The Judeo-Christian World



"You worship the fire and sacrifice to it. How has it given you being since you give life to it with wood and other material which feeds it?"
The Rad replied: "We do not take fire to be God; but we worship God through the medium of fire, as you worship God through the Cross ..."

(From the Martyrdom of Mar Giwargis, the St. George of the Persian Christians)

Contact between the Jewish and Iranian worlds began in the 6th century BCE at the time of the Achaemenid king Cyrus the Great who conquered Babylonia and allowed the exiled Jews to return to Jerusalem and rebuild their temple. Contact continued throughout the Parthian and Sasanian dynasties with ideas from Zoroastrianism permeating Judaism and later Christianity and Islam. In particular, the increased emphasis on the struggle between good and evil emerges in the Intertestamental literature, for example the Testament of Judah refers to the spirit of truth and of deceit, an idea further developed in the Dead Sea scrolls of the Qumran community. Moreover, the doctrine of individual judgement at death, the weighing of good and bad deeds and the separation of the righteous from the wicked is a theme that has its first and fullest expression in Zoroastrian theology, doctrines which are familiar to Judaism, Christianity and Islam. Conversely it seems likely that Judaeo-Christian ideas entered Zoroastrianism when Iranian dynasties ruled the Near East. In the Zoroastrian account of creation the myth of the first man and woman, Mashya and Mashyana, is intended to caution mankind against temptation. Muslim Iranian painters depicted the pair in a garden being tempted by Angra Mainyu (the Zoroastrian Satan) in the form of an old man offering a pomegranate.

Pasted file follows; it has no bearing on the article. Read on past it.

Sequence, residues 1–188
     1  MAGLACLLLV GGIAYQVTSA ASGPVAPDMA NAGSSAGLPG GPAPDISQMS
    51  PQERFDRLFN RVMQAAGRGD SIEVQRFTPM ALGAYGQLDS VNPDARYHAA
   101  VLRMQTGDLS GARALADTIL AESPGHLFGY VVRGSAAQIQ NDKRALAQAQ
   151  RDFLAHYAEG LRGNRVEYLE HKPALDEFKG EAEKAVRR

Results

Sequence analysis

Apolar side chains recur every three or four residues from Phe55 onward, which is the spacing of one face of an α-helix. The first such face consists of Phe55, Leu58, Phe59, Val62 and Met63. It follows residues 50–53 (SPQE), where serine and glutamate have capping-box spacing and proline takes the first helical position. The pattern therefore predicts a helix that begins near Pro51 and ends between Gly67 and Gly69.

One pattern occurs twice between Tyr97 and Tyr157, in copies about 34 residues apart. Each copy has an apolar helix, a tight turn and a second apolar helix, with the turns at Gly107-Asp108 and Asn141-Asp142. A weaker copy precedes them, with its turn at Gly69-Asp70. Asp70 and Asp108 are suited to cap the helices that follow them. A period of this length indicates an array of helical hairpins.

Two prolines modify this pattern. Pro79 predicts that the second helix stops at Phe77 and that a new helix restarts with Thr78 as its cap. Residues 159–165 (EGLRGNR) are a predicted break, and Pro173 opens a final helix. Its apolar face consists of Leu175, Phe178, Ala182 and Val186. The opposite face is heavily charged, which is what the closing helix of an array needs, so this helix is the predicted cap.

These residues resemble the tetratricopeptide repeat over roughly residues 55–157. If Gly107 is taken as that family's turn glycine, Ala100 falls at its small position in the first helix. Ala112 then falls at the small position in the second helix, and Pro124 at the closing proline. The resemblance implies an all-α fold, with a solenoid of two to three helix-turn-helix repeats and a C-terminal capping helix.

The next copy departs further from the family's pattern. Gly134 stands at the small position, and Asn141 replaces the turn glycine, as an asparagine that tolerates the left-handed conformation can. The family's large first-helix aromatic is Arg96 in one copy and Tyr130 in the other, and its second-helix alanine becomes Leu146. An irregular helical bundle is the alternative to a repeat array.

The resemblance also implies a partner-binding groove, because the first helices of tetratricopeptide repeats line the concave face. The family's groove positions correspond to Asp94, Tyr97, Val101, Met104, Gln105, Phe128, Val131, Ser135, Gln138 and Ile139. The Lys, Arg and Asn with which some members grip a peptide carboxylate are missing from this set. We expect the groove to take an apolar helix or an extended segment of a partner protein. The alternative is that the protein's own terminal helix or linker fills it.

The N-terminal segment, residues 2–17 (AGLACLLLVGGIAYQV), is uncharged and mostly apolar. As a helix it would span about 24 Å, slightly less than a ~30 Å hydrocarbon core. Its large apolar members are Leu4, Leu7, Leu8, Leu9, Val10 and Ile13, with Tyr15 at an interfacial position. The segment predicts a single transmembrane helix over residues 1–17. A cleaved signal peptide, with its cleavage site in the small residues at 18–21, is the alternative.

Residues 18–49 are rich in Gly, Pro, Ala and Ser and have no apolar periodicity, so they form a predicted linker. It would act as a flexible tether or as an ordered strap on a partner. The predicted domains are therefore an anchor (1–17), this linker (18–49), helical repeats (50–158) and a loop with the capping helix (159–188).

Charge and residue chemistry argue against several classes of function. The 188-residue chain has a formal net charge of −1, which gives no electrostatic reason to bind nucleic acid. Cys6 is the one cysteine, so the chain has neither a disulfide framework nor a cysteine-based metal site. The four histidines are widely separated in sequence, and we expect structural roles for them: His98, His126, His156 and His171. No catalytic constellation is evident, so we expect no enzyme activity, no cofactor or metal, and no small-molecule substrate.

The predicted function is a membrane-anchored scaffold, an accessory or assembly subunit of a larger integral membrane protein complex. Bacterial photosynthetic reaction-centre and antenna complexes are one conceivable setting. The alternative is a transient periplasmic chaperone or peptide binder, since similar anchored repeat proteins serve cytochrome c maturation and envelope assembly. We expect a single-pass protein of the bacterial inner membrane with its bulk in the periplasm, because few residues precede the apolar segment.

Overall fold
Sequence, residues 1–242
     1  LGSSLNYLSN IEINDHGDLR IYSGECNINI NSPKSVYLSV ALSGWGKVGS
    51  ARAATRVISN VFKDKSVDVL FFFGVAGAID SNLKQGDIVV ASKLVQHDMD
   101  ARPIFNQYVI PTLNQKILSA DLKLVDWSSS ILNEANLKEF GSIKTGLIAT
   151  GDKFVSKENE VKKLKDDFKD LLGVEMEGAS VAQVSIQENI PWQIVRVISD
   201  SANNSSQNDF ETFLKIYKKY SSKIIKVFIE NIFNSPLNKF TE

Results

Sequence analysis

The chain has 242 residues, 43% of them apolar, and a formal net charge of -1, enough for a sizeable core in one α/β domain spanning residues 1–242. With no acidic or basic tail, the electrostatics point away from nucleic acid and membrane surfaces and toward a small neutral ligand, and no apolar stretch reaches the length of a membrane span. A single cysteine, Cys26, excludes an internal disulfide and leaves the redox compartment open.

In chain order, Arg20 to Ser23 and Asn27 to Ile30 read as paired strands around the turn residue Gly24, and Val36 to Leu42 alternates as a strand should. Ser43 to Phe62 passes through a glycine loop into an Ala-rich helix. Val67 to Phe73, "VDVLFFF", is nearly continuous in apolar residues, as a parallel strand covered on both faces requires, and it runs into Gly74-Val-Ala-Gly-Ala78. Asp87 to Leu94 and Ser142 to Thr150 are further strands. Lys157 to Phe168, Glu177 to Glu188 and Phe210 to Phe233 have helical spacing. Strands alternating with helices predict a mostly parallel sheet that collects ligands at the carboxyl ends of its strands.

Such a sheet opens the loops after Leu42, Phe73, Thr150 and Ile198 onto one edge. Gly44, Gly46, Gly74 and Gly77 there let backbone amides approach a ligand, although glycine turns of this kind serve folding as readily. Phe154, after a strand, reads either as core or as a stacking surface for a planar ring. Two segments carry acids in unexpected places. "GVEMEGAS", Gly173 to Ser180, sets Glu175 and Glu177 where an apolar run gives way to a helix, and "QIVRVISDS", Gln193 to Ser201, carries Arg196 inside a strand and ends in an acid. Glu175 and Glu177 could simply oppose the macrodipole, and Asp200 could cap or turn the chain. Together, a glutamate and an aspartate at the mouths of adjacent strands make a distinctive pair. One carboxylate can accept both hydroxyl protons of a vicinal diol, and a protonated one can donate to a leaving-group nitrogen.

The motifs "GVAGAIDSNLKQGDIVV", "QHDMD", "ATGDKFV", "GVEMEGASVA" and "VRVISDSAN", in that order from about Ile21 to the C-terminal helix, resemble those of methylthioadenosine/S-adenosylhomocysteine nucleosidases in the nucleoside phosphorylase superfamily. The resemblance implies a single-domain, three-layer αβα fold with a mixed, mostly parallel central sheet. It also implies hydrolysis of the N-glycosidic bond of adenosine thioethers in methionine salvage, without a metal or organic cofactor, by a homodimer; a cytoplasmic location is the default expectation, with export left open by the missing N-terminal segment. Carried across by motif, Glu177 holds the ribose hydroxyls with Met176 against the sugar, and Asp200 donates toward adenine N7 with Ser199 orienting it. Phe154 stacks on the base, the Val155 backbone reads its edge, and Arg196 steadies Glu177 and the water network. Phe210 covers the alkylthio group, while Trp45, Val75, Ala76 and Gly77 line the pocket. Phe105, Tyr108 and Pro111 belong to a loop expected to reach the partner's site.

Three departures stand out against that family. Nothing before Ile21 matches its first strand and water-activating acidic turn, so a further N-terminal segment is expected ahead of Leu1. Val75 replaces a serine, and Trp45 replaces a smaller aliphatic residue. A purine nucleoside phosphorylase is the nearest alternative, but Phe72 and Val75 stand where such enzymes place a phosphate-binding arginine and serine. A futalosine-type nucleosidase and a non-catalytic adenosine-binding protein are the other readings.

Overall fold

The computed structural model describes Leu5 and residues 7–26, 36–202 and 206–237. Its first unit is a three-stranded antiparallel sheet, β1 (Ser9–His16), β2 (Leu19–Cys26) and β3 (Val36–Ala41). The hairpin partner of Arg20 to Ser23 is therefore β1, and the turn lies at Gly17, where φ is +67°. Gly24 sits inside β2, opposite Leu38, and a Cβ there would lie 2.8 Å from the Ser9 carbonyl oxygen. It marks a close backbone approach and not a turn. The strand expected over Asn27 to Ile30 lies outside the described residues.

Tomb of Esther Three magi in Persian dress Temptation of Mashya and Mashyana Adoration of the Magi, Armenia Last Judgement, Kariye Camii, Istanbul